The first of the PSs (PS1) began with an extratropical, baroclinic cyclone east of Nova Scotia on 28 October embedded in a downstream trough of a highly amplified mid-level trough-ridge pattern over the US. PS1's deep circulation quickly became the foremost feature in the northwest Atlantic as it partially absorbed Hurricane Grace to its south. PS1 continued to strengthen to 972 hPa as it propagated westward towards the US, with resulting widespread wind and wave damage along the coast, and then subsequently weakened as it performed a counter-clockwise loop in the far western Atlantic beneath an amplifying ridge. The warm waters of the Gulf Stream then excited convection within the center of PS1, leading to the development of the Unnamed Hurricane on 2 November.
The second of the PSs (PS2) began as a cyclonic upper-level potential vorticity anomaly rotating through the trough in the western US. A surface cyclone formed ahead of this trough in the extreme western Gulf of Mexico. PS2 subsequently strengthened and propagated northward as the triggering mid-level trough acquired a negative tilt on 1 November. A strong (1051 hPa) surface anticyclone propagating southward from Canada provided anomalously cold air (~ -3 std. dev.) across the Upper Midwest, contributing to the enhanced low-level baroclinicity on which PS2 fed. PS2 gave Minnesota its earliest and heaviest snowfall totals, setting the state record of 93.7 cm in Duluth, MN.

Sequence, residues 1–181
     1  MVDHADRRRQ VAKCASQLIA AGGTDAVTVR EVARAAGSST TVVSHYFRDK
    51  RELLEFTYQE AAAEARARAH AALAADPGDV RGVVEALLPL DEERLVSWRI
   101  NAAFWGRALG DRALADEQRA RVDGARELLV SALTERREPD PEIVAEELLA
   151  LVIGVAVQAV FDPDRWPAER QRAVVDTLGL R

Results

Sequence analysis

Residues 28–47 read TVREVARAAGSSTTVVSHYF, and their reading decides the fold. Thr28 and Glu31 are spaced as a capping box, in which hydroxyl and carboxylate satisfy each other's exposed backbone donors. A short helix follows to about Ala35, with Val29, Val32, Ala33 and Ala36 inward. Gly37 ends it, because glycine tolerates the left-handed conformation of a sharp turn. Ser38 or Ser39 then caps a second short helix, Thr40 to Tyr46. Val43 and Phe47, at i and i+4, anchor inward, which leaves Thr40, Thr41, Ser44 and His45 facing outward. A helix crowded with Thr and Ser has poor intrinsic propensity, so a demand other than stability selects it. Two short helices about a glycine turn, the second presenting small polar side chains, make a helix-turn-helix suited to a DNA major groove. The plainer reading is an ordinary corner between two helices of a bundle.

Results suggest ridge eruptions in the NE Pacific associated with regime transitions highly influence downstream anticyclone and cyclone development and propagation. In addition, amplified flow supported large-scale meridional transports of potential vorticity that aided in key mid-latitude interactions conducive for cyclogenesis. Accordingly, the presented research will focus on (1) the development and life cycles of PS1 and PS2, (2) linkages between the two Perfect Storms and the large-scale flow regimes, and (3) impacts of the observed intraseasonal high-impact weather events on seasonal climate anomalies.